When he finally sat down for breakfast, the waitress appeared at their table with coffee. "If you're so interested in those pups, Billy might sell you one," she said. "He can't hardly give 'em away, there's so many dogs around here."

"Who's Billy?"

She turned and gestured in the direction of the sit-down counter. There, on one of the stools, sat Captain's owner, drinking a cup of coffee and reading the Sentinel. Edgar's grandfather invited the man to join them. When they were seated, he asked Billy if the pups were indeed his.

"Some of them," Billy said. "Cappy got old Violet in a fix. I've got to find a place for half the litter. But what I really think I'll do is keep 'em. Cap dotes on 'em, and ever since my Scout ran off last summer I've only had the one dog. He gets lonely."

Edgar's grandfather explained about his own litter, and about Vi, expanding on her qualities, and then he offered to trade a pup for a pup. He told Billy he could have the pick of Vi's litter, and furthermore could pick which of Captain's litter he'd trade for, though a male was preferable if it was all the same. Then he thought for a moment and revised his request: he'd take the smartest pup Billy was willing to part with, and he didn't care if it was male or female.

"Isn't the idea to reduce the total number of dogs at your place?" his
buddy said.

"I said I'd find the pups a home. That's not exactly the same thing."

"I don't think Mary is going to see it that way. Just a guess there."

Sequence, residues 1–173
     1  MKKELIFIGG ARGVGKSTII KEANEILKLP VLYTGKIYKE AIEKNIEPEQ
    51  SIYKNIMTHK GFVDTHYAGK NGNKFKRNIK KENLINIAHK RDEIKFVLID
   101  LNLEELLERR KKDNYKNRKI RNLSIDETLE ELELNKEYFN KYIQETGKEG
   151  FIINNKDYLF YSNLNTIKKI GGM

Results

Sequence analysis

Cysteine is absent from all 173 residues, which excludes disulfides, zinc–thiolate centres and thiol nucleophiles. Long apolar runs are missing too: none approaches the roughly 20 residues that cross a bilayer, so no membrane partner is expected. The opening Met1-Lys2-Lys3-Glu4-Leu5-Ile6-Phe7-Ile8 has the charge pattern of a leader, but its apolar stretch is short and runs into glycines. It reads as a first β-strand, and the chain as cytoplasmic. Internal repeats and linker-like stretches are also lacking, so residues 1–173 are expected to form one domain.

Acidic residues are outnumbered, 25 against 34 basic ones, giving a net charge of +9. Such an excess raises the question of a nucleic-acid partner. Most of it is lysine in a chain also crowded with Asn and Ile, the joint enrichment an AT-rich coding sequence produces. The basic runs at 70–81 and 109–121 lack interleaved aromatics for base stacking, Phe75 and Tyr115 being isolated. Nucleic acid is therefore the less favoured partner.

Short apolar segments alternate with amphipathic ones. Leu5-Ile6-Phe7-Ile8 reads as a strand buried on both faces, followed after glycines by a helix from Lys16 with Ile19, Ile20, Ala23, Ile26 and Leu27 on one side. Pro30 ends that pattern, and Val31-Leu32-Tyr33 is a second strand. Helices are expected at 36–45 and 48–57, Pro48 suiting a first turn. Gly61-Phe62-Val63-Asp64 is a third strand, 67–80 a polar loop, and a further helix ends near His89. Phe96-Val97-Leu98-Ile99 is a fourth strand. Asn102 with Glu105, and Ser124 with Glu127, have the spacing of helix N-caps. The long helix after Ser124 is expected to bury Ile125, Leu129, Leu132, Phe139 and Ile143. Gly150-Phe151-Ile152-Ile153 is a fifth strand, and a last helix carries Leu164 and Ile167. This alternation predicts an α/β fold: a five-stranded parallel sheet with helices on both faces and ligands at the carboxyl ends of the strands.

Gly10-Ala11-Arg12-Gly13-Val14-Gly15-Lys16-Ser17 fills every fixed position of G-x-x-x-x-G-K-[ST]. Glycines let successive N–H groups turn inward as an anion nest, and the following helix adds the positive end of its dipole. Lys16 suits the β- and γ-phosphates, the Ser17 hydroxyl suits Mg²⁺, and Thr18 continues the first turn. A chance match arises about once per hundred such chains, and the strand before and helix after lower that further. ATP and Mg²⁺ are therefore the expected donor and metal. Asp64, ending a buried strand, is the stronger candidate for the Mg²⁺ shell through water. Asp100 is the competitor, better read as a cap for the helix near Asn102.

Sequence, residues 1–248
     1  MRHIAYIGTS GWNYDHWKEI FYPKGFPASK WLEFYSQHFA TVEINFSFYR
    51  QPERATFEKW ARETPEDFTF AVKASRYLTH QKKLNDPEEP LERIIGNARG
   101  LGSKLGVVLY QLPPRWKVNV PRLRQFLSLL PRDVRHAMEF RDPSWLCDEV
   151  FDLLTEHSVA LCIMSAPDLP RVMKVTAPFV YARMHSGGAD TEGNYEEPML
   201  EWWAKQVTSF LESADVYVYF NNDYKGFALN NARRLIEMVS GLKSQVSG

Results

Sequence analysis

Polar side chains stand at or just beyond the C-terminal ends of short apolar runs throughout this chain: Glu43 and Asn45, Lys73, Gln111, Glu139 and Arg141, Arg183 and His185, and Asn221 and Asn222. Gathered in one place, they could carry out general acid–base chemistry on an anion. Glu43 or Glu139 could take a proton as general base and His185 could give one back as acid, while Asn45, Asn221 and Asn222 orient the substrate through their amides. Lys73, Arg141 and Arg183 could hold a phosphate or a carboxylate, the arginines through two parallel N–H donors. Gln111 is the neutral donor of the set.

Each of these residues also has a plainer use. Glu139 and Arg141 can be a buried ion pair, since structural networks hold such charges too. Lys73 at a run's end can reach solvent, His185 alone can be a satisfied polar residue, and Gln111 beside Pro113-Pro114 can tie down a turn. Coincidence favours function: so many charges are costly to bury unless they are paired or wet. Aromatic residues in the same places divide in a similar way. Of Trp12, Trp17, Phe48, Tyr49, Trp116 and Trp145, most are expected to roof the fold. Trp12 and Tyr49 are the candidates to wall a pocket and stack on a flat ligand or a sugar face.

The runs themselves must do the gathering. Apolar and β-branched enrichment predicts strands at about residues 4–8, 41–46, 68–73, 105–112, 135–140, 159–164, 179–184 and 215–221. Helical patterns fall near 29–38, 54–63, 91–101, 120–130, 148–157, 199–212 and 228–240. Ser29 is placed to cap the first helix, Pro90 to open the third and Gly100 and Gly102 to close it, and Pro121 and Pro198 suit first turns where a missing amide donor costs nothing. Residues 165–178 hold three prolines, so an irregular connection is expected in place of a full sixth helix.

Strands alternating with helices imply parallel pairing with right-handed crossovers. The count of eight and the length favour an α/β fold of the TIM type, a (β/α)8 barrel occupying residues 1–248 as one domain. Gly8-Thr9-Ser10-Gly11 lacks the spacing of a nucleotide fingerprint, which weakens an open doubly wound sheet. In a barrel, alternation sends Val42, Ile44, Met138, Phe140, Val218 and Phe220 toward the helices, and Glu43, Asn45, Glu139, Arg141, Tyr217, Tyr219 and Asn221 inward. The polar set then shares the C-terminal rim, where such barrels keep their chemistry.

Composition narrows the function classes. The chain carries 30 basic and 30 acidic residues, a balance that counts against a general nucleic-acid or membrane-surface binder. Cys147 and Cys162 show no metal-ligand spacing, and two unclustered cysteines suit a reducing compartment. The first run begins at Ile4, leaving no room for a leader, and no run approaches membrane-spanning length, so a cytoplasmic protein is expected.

Billy sipped his coffee and suggested that, while interested, he had reservations about traveling practically the length of Wisconsin just to pick out a pup. Their table was near the big front window and, from there, John Sawtelle could see Captain and his offspring rolling around on the grass. He watched them awhile, then turned to Billy and promised he'd pick out the best of Vi's litter and drive it up—male or female, Billy's choice. And if Billy didn't like it, then no trade, and that was a fair deal.

Which was how John Sawtelle found himself driving to Mellen that September with a pup in a box and a fishing rod in the back seat, whistling "Shine On, Harvest Moon." He'd already decided to name the new pup Gus if the name fit.

Billy and Captain took to Vi's pup at once. The two men walked into Billy's backyard to discuss the merits of each of the pups in Captain's litter and after a while one came bumbling over and that decided things. John Sawtelle put the spare collar on the pup and they spent the afternoon parked by a lake, shore fishing. Gus ate bits of sunfish roasted on a stick and they slept there in front of a fire, tethered collar to belt by a length of string.

The next day, before heading home, Edgar's grandfather thought he'd drive around a bit. The area was an interesting mix: the logged-off parts were ugly as sin, but the pretty parts were especially pretty. Like the falls. And some of the farm country to the west. Most especially, the hilly woods north of town. Besides, there were few things he liked better than steering the Kissel along those old back roads.


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